ORIENTAL BAY KIOSK 2018

Adedu Wellington Oriental Bay Pavilion
Architecture Competition

collaborated with Jesse EwartJason Tan, and Callum Leslie


Synopsis
This project re-imagines the redundant Band Rotunda harbour site, towards a collective commons for the local ‘bay’ community and wider public. Intertwining the social and physical experiences of productive making, observing and collecting – to embody and activate the reinvented Kiosk building. Referencing architectural elements of the past site and surrounding, to engage and preserve the local identity with a sense of place. The Oriental Bay Kiosk is a collection of creative spaces set in three parts; the first is dedicated studio and community spaces for the public, second is an exhibition and performance space to present art to the wider community and finally a kiosk booth serving beverages and operating as vendor for a collection of local artistry. Together, these engage the urban waterfront landscape reflecting the building’s physical connection.

The band rotunda has had various reinterpretations on the harbour edge site, from early colonial and art deco to late 20th century additions. Initially, a colonial timber rotunda (1919) was constructed on the reclaimed water edge for musical performances. This was replaced with an art moderne pavilion (1938), for a dual-purpose band rotunda with a changing room. This was later converted to local community and gallery spaces. A second floor was added in the 1980s as public space, later converted into a restaurant. The additional level has recently affected the structural integrity of the original building. The proposal intends to remove the existing rotunda down to the original heritage level, retaining the architectural form and identity. An alternative second level is added through the design process of reinventing and sourcing memories - historical elements of the site and wider Oriental Bay.

Form, Tectonics + Materiality
The previous and current band rotunda provides a historic source of architectural form, tectonic and materiality expression. The unique qualities of the past are distilled and projected as inspiration into the contemporary exhibition and kiosk built-form. The contemporary floor addition continues the semi-circle pavilion shape - with a light weight roof supported by CLT arch timber columns, with an array of openings towards the water edge promenade and direct views onto the oriental waterfront peripherals. The floor consisted of an exhibition and performance space, a glass garden void vertically separates the space and allows soft lighting within the large open area. An external façade wraps the perimeter CLT panels with a scalloped brass metal, this will oxidise and develop a patina due to the close proximity with the sea.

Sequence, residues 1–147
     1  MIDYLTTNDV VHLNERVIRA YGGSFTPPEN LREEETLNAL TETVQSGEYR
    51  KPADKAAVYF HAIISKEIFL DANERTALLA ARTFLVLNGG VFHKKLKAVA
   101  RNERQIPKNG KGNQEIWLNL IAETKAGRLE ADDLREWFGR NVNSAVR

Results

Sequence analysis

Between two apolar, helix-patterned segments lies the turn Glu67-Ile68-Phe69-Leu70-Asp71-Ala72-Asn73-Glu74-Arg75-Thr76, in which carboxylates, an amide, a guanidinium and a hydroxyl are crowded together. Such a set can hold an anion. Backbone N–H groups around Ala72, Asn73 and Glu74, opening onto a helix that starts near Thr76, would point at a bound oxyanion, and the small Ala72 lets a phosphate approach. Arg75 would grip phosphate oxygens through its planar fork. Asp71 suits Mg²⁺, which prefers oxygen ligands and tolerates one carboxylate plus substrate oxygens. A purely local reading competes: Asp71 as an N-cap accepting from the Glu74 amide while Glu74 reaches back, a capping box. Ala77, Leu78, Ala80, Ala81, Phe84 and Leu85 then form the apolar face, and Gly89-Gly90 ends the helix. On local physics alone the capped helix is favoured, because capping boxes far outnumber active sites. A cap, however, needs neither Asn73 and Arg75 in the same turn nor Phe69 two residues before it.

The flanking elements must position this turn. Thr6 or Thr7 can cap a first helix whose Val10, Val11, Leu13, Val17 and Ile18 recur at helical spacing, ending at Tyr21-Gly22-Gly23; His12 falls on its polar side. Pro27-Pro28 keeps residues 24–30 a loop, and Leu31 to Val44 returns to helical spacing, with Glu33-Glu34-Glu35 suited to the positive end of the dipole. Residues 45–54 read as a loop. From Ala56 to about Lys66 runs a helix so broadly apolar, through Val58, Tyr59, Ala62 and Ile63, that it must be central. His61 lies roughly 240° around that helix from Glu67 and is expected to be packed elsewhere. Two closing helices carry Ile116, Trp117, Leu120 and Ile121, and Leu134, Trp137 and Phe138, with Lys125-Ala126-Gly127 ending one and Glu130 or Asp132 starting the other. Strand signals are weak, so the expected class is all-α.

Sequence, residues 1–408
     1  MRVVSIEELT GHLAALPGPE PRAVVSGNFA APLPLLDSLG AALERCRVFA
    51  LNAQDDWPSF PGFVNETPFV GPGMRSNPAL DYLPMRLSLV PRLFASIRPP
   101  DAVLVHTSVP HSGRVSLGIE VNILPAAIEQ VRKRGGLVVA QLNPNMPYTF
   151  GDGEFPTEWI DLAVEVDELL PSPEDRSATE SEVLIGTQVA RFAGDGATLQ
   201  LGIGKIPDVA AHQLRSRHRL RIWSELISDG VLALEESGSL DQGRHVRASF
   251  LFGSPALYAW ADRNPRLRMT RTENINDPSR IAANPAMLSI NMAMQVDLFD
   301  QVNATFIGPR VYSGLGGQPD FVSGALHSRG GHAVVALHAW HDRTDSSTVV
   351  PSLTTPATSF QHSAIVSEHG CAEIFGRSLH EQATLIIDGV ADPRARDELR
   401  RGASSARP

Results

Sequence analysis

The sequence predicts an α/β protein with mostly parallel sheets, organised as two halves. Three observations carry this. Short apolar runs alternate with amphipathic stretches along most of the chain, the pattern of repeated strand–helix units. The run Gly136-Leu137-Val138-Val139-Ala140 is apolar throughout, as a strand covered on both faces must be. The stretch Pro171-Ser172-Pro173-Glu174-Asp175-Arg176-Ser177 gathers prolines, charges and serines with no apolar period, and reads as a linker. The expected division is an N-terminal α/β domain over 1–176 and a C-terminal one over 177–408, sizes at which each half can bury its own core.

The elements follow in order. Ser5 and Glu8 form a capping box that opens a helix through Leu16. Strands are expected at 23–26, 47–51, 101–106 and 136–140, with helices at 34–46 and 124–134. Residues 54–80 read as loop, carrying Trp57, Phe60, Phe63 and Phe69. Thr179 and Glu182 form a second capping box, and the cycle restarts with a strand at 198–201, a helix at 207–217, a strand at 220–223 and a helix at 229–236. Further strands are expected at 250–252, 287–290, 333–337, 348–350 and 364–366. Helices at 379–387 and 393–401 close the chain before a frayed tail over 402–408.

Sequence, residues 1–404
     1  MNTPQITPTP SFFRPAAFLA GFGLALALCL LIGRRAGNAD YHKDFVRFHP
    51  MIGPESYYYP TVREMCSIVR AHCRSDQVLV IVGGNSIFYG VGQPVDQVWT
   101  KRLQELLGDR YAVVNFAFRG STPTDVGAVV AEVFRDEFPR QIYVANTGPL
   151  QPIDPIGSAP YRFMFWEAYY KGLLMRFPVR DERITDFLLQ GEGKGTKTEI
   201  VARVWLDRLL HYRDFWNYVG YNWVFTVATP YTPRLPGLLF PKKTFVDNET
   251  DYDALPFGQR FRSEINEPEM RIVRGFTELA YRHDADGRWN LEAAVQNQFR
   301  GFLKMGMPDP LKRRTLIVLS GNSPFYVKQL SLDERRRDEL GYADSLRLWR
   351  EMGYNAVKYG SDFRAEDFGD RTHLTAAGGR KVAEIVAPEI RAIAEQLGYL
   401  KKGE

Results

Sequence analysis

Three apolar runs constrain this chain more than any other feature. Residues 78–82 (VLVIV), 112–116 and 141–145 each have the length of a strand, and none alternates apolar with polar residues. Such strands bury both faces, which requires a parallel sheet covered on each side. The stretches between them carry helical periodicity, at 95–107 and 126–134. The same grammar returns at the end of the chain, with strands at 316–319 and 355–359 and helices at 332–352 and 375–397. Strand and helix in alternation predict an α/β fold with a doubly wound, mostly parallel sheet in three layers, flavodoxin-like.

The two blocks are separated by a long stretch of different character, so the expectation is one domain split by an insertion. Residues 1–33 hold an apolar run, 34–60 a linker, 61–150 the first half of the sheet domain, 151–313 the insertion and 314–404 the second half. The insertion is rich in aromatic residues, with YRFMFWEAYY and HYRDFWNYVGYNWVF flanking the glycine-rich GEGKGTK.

Programme
Make + Production
The restored heritage level will be converted for artists to generate and create in an open studio space. These will be sided with the Oriental bay community rooms and a visiting artist studio. Allowing for the production of physical and social connections in quieter learning and making spaces.

Observation
The exhibition gallery allows for observation of installations, performances, visual art, symposiums and musicians. It provides a space for both creators, viewers and collectors to interact within a common public realm. The space allows the production of work to be curated and exhibited towards the public and local Oriental community.

Collection
The Kiosk booth operates as a small coffee and tea bar, but also as a platform for exploring the connection of multidisciplinary artists, musicians and students. It allows artists to promote and sell their work in an interaction beyond observation and exhibition. Edge seating also surrounds the outer booth, activating the Oriental parade promenade of the building. The idea of a kiosk relates to the previous ‘Oriental Tea Kiosk’ that operated in the early 20th century, regenerating a past identity and hertiage of the Oriental harbour.










Tyler Harlen 2019